New Delhi: Rare is the successful public figure who doesn’t pen a book. Barack Obama has done it, A.P.J. Abdul Kalam has done it. As have several others across the globe. Most books written by politicians follow a formula—they are either an autobiography or a book tracing their journey and growth while linking it to the growth of a nation or a political movement. Most of them are written when the person is no longer in office. Prime Minister Narendra Modi is charting a different course.

He is gearing up to write a book this year and far from a bildungsroman, it is a sort of self-help book for students. “It will cover many aspects that students can relate to, especially with regard to the crucial Class X and Class XII examinations. Through the book the prime minister hopes to become a friend to the students…," says a note released by Penguin Random House India, which is publishing the book.

The idea for the book took root in the prime minister’s mind after his address in January this year during which he spoke about exams being a “time of pleasure not pressure." From weight of expectations to tips about preparation, Modi had a view on it all during that address. The talk was a big hit, and Modi decided to pen a book on the same theme. “I have chosen to write on a subject that is close to my heart and one that is fundamental to my vision for a youth driven and youth led tomorrow," Modi said in the note.

The book marks yet another attempt by the prime minister to mould his image in different ways, all of which reinforce the image of a leader working for the nation. From a whirlwind international diplomacy tour to midnight Parliament sessions to pass tax reforms to penning tips on how to deal with exam pressure, he is a man on a mission. “All of these are different threads that form a part of the man’s image, from international statesman to a strong leader at home to the provider, the kindly avuncular politician who confers wisdom to his people," says Santosh Desai, CEO of Future Brands Ltd. Indeed, the third part of this persona is the one that gets reinforced through his Mann Ki Baat radio addresses, which have mostly been apolitical. The topics that he picks up for his monthly radio address play a major role in convincing people that he has their interests at heart. “(These are) Concerns he needn’t have. (But he has them) Which is why people were willing to trust demonetization. They felt that he understood their frustration vis-a-vis black money and corruption and even if the move caused them discomfort, they were willing to see through it," says Desai.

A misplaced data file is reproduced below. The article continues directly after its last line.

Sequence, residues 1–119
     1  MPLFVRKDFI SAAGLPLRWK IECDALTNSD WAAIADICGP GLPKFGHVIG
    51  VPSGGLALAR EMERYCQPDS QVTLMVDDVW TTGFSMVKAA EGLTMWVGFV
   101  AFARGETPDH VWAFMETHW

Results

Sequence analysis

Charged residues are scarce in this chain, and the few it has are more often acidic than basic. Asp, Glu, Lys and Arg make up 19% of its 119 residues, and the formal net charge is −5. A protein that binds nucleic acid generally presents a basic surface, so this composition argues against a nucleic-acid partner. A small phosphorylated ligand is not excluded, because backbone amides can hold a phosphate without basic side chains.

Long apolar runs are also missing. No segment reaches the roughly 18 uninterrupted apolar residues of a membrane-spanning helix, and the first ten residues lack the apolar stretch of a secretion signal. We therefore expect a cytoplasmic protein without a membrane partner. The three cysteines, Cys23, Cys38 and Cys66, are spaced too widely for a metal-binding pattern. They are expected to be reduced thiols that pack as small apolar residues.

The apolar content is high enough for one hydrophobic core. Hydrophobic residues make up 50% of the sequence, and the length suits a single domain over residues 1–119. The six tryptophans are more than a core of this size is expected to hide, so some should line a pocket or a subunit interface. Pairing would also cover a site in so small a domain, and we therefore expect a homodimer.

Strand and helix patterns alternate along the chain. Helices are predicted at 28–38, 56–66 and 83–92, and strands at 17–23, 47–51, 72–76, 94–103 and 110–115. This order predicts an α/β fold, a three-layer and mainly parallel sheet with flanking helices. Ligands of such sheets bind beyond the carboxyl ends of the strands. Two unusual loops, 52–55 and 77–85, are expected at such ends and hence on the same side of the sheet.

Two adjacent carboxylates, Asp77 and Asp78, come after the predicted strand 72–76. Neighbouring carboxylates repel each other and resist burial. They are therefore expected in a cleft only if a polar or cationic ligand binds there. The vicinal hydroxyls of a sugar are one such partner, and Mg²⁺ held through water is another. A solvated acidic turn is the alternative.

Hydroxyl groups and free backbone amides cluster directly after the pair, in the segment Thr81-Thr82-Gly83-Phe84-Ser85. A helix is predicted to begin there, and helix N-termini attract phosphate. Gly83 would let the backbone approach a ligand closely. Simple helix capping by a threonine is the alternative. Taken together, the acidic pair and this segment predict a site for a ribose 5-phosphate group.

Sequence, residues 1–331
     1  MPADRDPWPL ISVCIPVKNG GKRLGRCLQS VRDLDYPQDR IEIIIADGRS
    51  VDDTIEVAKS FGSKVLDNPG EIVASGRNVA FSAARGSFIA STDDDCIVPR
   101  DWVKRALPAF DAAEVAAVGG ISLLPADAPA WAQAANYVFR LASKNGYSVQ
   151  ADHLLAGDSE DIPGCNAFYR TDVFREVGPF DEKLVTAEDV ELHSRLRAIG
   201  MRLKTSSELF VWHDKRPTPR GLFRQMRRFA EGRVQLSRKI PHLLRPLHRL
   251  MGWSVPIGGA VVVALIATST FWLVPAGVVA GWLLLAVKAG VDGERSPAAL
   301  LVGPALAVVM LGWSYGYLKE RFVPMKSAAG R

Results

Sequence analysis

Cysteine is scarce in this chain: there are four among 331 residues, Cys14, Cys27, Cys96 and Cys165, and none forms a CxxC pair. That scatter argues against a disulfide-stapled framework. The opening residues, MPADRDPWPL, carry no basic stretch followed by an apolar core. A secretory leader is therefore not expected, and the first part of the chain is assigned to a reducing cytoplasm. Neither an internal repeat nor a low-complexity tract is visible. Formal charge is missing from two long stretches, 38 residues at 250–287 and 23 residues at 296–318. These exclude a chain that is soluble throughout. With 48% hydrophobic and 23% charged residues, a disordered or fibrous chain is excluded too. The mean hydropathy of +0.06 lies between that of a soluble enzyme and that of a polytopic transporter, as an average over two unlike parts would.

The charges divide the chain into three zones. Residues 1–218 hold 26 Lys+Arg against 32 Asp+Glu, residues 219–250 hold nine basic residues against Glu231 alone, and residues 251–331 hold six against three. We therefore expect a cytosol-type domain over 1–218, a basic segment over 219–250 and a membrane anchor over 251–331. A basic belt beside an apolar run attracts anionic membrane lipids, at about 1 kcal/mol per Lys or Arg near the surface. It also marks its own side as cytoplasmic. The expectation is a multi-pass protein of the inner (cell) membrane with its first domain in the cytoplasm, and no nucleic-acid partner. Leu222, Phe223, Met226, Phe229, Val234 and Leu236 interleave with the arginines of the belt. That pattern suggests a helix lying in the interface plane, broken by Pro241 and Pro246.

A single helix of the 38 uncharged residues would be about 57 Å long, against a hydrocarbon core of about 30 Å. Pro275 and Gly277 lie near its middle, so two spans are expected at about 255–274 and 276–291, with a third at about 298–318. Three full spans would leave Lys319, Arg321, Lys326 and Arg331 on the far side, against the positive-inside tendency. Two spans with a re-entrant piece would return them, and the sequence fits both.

Image building aside, suicides among young people, particularly because of the pressure of examinations, is a concern in India. According to data available from the National Crime Records Bureau, 8,934 students committed suicide in India in 2015. India also has one of the highest suicide rates in the world for people in the 15-29 age group, according to a 2012 Lancet report. The prime minister’s book is not going to make this problem go away but it does acknowledge the worries and fears of a growing demographic. “For the aspiring middle class there is no greater casualty than exams. The whole idea of playing an agony aunt is a part of Modi’s image building. It conveys a sense of concern," says sociologist Shiv Vishvanathan.

Should the Prime Minister of India get ready to add yet another feather, this time of best-selling author to his hat?